Bock’s Score: It’s A Wonderful Time To Be Deshaun Watson.

What a wonderful time to be Deshaun Watson.

First, he displayed guile and guts in a classic two-minute drill to march Clemson down the field in the college football championship game against Alabama. Then he finished it off with a game-winning touchdown pass with one second left on the game clock.

One Second!

That’s the kind of finish that creates legends and Watson, a two-time Heisman Trophy finalist, rates as one these days on the campus at Clemson.

A day after the championship game, he passed up his final year of eligibility to declare for the NFL draft. This is called striking while the iron is hot, and right now, Mr. Watson’s iron is on fire.

His next stop will be the NFL Combine, a football player meat market, where he will be poked and prodded, checked from the top of his nose to the tip of his toes. He will run dashes against stop watches, throw short passes and long ones, answer myriad questionnaires and generally certify his status as perhaps the best quarterback available in this year’s college grab bag.

Oh sure, there are other big names like Mitch Trubisky of North Carolina and DeShone Kizer of Notre Dame on the radar. But right now, thanks to the season’s final game, Deshaun Watson is the flavor of the month.

Sitting on the sidelines and watching intently will be scouts from the NFL. Most interested will be officials from the Cleveland Browns, San Francisco 49ers and Chicago Bears. They own the first three picks in the draft and each of them is in dire need of a franchise quarterback.

The Browns thought they might resurrect Robert Griffin III who was a washout in Washington. That worked out about as well as the Johnny Manziel adventure did for Cleveland. The 49ers’ best quarterback is probably Colin Kaepernick, but he spent much of his time last season kneeling on the sidelines in protest while the National Anthem was being played. In Chicago, Jake Cutler’s time is over and the Bears need some new blood at the most important position on the field.

And then there are the New York Jets, sitting at No. 6 in the draft order. They finished the season with four quarterbacks on the roster, none of whom appears to be the answer to their signal calling problem. Ryan Fitzpatrick and Geno Smith are free agents who will not be invited back. Bryce Petty was only so-so in his limited chances and they gave rookie Christian Hackenberg no chances at all, even when the season had fallen apart on them, which tells you how far down the depth chart that second-round draft choice last year remains.

All of this means that Deshaun Watson will be a very early pick in the draft. And why not? The young man has the credentials. He is 6-foot-3 and 215 pounds, ideal size for a quarterback. And he brings with him a portfolio crammed with impressive statistics.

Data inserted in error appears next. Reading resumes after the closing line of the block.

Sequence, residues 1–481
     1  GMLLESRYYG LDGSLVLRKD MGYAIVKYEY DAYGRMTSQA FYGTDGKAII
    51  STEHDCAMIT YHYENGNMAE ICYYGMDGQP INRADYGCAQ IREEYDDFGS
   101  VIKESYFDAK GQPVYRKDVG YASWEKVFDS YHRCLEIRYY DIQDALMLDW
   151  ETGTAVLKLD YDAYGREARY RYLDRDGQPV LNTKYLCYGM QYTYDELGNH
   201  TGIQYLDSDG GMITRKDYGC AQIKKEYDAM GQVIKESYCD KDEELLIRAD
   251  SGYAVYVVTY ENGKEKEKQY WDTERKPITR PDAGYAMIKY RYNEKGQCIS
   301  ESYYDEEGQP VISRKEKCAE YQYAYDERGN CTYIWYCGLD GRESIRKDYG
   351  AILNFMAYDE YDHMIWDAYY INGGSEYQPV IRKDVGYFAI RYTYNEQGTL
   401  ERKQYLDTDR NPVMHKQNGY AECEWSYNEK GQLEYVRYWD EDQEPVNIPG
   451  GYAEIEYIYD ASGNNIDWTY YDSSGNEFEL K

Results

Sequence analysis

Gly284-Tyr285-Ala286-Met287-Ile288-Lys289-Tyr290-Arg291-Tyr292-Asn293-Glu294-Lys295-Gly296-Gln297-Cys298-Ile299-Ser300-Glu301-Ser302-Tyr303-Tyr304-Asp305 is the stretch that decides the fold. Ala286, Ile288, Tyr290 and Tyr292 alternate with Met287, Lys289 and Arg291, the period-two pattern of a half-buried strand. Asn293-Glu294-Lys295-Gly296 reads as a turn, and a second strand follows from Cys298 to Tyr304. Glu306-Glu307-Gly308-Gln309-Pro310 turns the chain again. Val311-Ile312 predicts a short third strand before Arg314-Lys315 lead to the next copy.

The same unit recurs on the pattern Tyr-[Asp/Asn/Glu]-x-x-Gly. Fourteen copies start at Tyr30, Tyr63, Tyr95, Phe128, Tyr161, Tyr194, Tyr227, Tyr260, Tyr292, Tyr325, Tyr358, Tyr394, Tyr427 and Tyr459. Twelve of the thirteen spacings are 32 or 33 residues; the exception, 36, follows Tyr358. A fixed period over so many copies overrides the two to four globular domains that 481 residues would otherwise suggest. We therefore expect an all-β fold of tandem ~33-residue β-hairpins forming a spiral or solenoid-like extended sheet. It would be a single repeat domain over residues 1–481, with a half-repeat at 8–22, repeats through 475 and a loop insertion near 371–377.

Against Alabama’s world class defense, Watson completed 36 of 56 passes for three touchdowns and added 43 yards and another touchdowns on 21 runs. He was an offensive juggernaut in a performance that certified his status as a top prospect.

And yet, before the Alabama game, there were some doubts about Watson. He threw 30 interceptions in the last two seasons, an alarming number, the kind of turnover number that can be alarming for NFL teams. There was some question about his ability to throw a long ball but he had no problem doing that in Clemson’s two College Football Championship games against Ohio State and Alabama.

Drafting quarterbacks can be a dicey proposition. Rookie Dak Prescott, a fourth-round pick, took Dallas to the NFC East title this season. Ryan Leaf took San Diego into oblivion when he was the second player picked in 1998.

Now it’s Watson’s turn and he’ll get his chance very soon, thanks to his championship game heroics. There’s no question about it. This is a wonderful time to be Deshaun Watson.



About the Author

Hal Bock

Hal Bock is a contributor with NY Sports Day. He has covered sports for 40 years at The Associated Press including 30 World Series, 30 Super Bowls and 11 Olympics. He is the author of 14 books including most recently The Last Chicago Cubs Dynasty and Banned Baseball's Blacklist of All-Stars and Also-Rans. He has written scores of magazine articles and served as Journalist In Residence at Long Island University's Brooklyn campus where he also served on the selection committee for the George Polk Awards.

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